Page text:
Selling an Idea with Storytelling

I recently read an article on WeWork‘s on tips to bear in mind when pitching a start-up idea.

As a technologist and SMB mentor, its common to sit through idea presentations or start-up pitches that focus too much on the market gap and not enough on what the 2nd and 3rd point of the article brilliantly shine light on i.e. building a story and the solution proposed to the problem presented. In the digital age, the power of story telling cannot be denied as an effective tool for communicating the value proposition.

Lets take the example of the founders behind Appography, who recently bagged investors from the UK and will be incubated at Microsoft Ventures for 3 months to improve and test their IVR product called Vivid. The company is co-founded between a former Telenor manager named Omar Khan and serial entrepreneur Rizwan Chand, who completed the initial prototype of the Vivid app late last year, which literally creates a customer service-user experience such that callers no longer need to be on hold and can be called back by CSR’s after their turn in the queue comes, instead of waiting in line and possibly encountering a call drop. And while the idea or technology is not unique, as per the admission of one of the co-founders, the fact that entrepreneurs have nearly 10 years of experience between them on the BPO and caller side of the phone call allows them to have the sort of knowledge no replicator can demonstrate from the get go – unless they invest an arm and a leg. The duo are confident that their solution has the ability to give them immense leeway in the 288 billion IVR market, and there’s no doubt in my mind that they will go far. To learn more, click here for their interview with Express Tribune.


Another success story in comes from South Asia, with a organic food start-up called NutriNysa and its flagship product Raise D’Bar, which has a strong social impact element embedded within its commercial objectives to streamline the supply chain network and lower inventory costs overall. The idea occurred to CEO Junaid Malik while on a hiking trip in Baltistan, a mountainous region in the northern part of Pakistan, where he encountered farming families with an abundance of dry fruits and sweet fruits, with barely 40% of the yield from the trees being purchased by buyers. As an executive at Telenor, he also knew that corporate culture opted for snacks such as donuts and burgers to satisfy mid day cravings, a habit that was only making his team bulkier and counterproductive in the long run. Couple this with the fact that unhealthy employees are expensive and that a real opportunity existed for farmers of that region, he set out to research the organic food market and create his business which now has a vast distribution in Sindh, the southern province of Pakistan. The social impact element, wherein his team is active in training farming families on automating their yield process and cutting down their costs per trip, has vastly improved the mindset and income stability of the families in Baltistan, sealing the element of giving back.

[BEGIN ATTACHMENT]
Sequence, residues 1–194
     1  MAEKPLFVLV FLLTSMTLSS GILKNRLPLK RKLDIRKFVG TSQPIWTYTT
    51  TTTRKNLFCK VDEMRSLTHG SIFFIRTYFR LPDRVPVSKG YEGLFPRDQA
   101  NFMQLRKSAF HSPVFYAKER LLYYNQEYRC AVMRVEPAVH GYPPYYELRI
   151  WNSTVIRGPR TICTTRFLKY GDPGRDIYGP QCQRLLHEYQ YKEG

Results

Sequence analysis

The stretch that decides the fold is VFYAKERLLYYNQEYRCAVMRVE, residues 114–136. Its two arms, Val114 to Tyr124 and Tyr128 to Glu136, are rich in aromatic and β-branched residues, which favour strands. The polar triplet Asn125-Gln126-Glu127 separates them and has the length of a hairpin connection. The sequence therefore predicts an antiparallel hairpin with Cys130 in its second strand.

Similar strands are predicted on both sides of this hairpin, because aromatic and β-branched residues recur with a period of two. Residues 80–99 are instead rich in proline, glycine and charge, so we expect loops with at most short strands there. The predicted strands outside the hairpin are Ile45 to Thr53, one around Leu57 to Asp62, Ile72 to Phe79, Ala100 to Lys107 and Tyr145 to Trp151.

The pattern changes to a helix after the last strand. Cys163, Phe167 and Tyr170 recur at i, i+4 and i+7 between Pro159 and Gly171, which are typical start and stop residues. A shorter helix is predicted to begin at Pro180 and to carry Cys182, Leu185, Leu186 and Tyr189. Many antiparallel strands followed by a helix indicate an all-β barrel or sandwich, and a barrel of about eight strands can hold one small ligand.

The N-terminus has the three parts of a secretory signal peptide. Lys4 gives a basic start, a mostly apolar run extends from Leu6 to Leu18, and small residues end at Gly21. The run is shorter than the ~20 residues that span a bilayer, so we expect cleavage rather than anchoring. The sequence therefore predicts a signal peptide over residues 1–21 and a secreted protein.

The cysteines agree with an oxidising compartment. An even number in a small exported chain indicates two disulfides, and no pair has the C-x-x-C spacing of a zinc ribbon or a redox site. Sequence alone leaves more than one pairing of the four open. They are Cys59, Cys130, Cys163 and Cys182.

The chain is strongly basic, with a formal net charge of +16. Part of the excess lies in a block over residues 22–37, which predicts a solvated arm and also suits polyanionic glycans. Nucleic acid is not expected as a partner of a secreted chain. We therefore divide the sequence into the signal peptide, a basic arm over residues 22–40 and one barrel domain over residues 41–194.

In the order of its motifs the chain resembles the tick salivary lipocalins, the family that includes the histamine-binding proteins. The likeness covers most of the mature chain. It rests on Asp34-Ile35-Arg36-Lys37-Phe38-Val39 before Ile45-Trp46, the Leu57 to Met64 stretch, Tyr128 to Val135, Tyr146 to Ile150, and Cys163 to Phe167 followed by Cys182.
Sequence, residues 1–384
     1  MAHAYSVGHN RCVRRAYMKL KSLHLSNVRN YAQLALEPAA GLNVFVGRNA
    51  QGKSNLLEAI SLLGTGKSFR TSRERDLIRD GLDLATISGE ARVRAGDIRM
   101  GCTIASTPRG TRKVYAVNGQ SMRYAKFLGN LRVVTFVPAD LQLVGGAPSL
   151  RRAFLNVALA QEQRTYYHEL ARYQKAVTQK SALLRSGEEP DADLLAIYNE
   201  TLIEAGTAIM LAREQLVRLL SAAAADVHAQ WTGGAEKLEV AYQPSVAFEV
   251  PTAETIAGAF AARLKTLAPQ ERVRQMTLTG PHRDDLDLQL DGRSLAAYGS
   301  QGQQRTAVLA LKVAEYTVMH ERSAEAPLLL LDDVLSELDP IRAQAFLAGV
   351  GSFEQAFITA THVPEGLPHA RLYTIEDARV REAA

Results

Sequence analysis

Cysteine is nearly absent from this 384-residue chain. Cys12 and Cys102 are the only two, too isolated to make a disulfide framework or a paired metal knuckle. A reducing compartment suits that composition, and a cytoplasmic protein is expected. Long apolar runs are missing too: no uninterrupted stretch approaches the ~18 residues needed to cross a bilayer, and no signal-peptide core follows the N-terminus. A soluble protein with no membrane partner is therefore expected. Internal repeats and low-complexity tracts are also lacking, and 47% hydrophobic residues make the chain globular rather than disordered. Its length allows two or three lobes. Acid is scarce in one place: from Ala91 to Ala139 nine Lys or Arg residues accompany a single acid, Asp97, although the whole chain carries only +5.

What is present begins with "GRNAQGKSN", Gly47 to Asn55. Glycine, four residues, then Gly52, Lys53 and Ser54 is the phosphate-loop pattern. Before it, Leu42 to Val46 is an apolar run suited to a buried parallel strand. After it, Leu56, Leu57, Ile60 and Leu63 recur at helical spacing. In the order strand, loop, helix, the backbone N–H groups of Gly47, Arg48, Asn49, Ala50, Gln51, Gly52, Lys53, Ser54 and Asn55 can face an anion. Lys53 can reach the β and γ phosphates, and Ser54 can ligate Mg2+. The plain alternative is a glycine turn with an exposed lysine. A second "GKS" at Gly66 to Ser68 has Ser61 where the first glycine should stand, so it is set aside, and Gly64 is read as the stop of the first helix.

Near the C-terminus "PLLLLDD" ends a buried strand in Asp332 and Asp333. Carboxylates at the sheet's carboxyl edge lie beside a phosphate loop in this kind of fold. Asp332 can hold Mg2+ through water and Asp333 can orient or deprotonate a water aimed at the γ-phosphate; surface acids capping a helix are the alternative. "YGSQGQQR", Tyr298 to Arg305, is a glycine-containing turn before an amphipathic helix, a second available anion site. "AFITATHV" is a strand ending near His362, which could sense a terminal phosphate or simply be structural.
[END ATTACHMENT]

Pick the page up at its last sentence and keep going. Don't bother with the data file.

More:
It’s important to remember that stories are all around us, and research shows that 65% of (memorable) conversations are stories or gossip. They come in all shapes and sizes, but the best of all are told in multiple forms & lengths. The idea of falling for the protagonist’s cause, to see and imagine that person encounter a very human problem really connects with an audience in any story and its no different with start-up pitches. In the era of the digital economy the emphasis moves away from content and towards impact for B2C and knowledge in B2B. When creating a story around your idea, brand or business, there are three types of stories you should have in your portfolio:

  • a contributor to a successful pitch
  • an inspiration for your team and attracts high talent
  • one that connects with the customer and closes the sale

But remember, the story must be true, authentic and come straight from the heart.

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